With what remained of the day we managed to see the Hong Kong Museum of History. This is a really excellent museum covering the history of Hong Kong from when it was formed billions of years ago to the return to China in 1997. Hong Kong has incredibly varied geology, especially in the New Territories, which we wouldn’t have time to explore so it was nice to at least see pictures and explanations of much of it. The sections on the two opium wars were detailed and extensive, although some of it made for uncomfortable reading as a British person. It was interesting to read that Hong Kong had minimal significance before it was ceded (the British commander at the end of the first Opium War was fired shortly after for only securing Hong Kong in the negotiations), Macau was the main trading port in the region. These two regions, Hong Kong and Macau, are now called Special Administrative Regions in China, governed under the ‘one country, two systems’ principle.
I am not the first of my family members to visit Hong Kong. My great grandparents, John and Ruth Temple, lived in nearby Guangzhou for some time and my grandfather David was born in the city during that time. They returned to the UK eventually but John Temple returned periodically as part of his job with the bible society and on one of those trips he passed away. His grave is in the Colonial Cemetery in Happy Valley (Happy Valley is most famous for its racecourse and influential jockey club). Several family members have visited it over the years and put together a helpful collection of photographs and documents on how to find it. Its simple crucifix shape, inscribed with his name and a homophone of it in traditional chinese, seemed very appropriate. The cemetery is a reminder of the variety of nationalities and cultures that have called Hong Kong home over the past 150 years, and sits next to Catholic and Muslim cemeteries that are just as diverse.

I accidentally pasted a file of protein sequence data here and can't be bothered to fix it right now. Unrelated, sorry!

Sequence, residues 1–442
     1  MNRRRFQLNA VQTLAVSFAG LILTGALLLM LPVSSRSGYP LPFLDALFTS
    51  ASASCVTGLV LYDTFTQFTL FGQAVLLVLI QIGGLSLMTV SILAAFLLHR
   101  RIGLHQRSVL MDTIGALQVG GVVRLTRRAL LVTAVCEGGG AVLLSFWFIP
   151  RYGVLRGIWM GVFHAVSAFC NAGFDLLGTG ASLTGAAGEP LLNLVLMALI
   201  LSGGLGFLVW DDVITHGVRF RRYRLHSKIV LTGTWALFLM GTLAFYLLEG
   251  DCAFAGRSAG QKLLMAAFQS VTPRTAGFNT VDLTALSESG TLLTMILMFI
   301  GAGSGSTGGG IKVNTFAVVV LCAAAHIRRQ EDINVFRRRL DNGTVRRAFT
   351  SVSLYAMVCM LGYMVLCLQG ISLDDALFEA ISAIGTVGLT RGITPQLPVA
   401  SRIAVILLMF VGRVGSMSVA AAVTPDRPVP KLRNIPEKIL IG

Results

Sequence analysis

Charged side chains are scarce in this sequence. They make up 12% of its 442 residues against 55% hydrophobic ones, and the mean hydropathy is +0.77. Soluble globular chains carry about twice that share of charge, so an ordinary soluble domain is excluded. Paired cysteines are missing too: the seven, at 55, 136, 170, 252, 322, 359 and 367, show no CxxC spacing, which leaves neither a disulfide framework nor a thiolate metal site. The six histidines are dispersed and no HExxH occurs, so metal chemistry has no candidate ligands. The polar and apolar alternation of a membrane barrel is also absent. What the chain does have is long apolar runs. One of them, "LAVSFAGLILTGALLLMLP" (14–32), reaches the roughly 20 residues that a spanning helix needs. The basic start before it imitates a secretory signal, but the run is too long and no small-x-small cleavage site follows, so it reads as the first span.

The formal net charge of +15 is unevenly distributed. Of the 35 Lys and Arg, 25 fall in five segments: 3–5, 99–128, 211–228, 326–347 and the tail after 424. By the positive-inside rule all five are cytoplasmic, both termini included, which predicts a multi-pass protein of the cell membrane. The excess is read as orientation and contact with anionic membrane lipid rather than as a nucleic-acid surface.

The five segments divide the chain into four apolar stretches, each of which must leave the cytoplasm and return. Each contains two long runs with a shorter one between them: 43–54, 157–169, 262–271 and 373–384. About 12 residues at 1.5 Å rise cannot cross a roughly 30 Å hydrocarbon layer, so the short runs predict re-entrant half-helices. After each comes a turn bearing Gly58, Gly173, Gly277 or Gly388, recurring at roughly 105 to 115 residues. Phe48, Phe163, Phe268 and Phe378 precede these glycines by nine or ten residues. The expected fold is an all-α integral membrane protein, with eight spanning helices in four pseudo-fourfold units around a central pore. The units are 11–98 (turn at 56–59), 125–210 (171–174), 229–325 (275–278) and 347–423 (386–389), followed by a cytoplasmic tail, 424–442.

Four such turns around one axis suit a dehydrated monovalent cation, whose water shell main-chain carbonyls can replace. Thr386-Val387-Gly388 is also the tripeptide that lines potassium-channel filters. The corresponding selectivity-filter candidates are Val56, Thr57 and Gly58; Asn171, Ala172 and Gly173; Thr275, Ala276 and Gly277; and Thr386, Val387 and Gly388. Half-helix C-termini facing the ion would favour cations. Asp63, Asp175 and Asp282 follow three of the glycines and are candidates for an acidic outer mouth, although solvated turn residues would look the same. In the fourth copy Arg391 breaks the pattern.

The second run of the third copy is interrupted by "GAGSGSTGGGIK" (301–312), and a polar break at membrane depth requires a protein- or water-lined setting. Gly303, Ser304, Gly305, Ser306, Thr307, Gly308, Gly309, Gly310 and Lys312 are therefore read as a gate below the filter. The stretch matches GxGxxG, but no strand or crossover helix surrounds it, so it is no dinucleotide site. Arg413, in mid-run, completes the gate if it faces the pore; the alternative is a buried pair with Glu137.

Rising above the sky scrapers of Hong Kong is Victoria Peak. Our first attempt at reaching the top came on our second day. To reach the top most people take the Peak Tram, but you can also get about half the way up, for free, using the Central Mid Levels Escalator. This is a series of escalators and travelators that winds between the high rise buildings up the side of the hill – an unusual tourist attraction but an enjoyable one. From the top of the escalators you can continue to walk to the peak but we chose to walk east, through the botanical gardens, to the bottom station for the peak tram. Unfortunately it was a Saturday afternoon and the queue was huge. The entrance to Hong Kong Park was right next to us with no arduous wait so we decided to leave Victoria Peak for another day. The park was tranquil, with the tall trees obscuring all but the tallest buildings. It included a large aviary, formed by putting a roof between two spurs protruding from the hillside. A broad wooden walkway curves through the treetops inside allowing the cornucopia of garish tropical birds to swoop around you. At the end of the walkway one of the park attendants was stroking an albatross as it lay in his lap. I did not know you could pet an albatross but it looked blissful.